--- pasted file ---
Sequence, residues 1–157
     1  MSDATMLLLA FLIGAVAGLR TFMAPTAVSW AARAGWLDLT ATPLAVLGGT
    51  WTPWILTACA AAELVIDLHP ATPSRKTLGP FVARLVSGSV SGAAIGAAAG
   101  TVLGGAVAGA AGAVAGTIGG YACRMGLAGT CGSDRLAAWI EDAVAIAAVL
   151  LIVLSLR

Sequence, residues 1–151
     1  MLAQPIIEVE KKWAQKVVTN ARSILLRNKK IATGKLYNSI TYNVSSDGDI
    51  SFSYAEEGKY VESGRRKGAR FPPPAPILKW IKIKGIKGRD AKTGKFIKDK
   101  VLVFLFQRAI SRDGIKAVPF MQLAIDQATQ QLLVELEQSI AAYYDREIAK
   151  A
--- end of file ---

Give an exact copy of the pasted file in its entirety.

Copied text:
Sequence, residues 1–157
     1  MSDATMLLLA FLIGAVAGLR TFMAPTAVSW AARAGWLDLT ATPLAVLGGT
    51  WTPWILTACA AAELVIDLHP ATPSRKTLGP FVARLVSGSV SGAAIGAAAG
   101  TVLGGAVAGA AGAVAGTIGG YACRMGLAGT CGSDRLAAWI EDAVAIAAVL
   151  LIVLSLR

Sequence, residues 1–151
     1  MLAQPIIEVE KKWAQKVVTN ARSILLRNKK IATGKLYNSI TYNVSSDGDI
    51  SFSYAEEGKY VESGRRKGAR FPPPAPILKW IKIKGIKGRD AKTGKFIKDK
   101  VLVFLFQRAI SRDGIKAVPF MQLAIDQATQ QLLVELEQSI AAYYDREIAK
   151  A